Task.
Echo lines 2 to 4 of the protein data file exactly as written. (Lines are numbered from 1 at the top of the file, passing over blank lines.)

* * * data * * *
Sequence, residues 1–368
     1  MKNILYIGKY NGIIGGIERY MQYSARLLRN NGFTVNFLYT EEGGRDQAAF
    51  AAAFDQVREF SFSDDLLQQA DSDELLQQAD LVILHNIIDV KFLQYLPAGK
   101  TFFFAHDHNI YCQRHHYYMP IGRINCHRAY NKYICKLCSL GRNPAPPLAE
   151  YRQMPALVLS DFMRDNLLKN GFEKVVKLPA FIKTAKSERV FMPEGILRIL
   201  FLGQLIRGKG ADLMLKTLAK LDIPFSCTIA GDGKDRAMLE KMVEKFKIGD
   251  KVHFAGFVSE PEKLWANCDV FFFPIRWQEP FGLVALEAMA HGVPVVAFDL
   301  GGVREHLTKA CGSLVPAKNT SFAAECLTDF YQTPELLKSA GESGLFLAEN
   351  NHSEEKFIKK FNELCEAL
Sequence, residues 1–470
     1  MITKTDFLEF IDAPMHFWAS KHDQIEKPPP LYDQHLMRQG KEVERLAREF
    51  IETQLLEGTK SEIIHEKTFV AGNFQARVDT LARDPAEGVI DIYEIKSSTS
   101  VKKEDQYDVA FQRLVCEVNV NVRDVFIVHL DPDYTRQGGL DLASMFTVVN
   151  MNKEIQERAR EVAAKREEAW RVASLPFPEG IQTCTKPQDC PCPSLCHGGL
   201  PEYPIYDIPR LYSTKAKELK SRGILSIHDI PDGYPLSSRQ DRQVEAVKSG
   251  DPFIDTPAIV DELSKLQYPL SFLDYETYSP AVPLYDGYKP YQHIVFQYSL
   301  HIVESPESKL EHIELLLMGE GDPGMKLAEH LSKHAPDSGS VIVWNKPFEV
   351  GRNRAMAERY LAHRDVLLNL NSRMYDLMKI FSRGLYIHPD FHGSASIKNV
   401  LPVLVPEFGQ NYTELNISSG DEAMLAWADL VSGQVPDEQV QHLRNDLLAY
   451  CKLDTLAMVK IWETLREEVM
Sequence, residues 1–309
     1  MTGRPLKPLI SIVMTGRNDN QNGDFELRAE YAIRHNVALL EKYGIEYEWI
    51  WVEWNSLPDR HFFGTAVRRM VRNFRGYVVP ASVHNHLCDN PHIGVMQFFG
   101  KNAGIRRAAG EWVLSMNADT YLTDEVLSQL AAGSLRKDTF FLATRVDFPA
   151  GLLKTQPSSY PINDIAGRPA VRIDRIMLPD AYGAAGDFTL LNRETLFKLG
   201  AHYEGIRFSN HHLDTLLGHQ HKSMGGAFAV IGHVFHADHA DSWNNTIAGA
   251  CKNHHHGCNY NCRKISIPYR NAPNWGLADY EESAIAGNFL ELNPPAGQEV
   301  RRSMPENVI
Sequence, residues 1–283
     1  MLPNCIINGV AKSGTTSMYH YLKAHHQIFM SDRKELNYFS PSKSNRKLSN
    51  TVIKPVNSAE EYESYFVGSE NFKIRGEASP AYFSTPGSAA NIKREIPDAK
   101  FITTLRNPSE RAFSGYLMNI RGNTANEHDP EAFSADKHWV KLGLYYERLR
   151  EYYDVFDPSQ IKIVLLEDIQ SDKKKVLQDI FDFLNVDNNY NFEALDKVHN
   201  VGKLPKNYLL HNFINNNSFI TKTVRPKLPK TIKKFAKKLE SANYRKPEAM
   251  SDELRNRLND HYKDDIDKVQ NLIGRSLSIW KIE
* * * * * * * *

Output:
     1  MKNILYIGKY NGIIGGIERY MQYSARLLRN NGFTVNFLYT EEGGRDQAAF
    51  AAAFDQVREF SFSDDLLQQA DSDELLQQAD LVILHNIIDV KFLQYLPAGK
   101  TFFFAHDHNI YCQRHHYYMP IGRINCHRAY NKYICKLCSL GRNPAPPLAE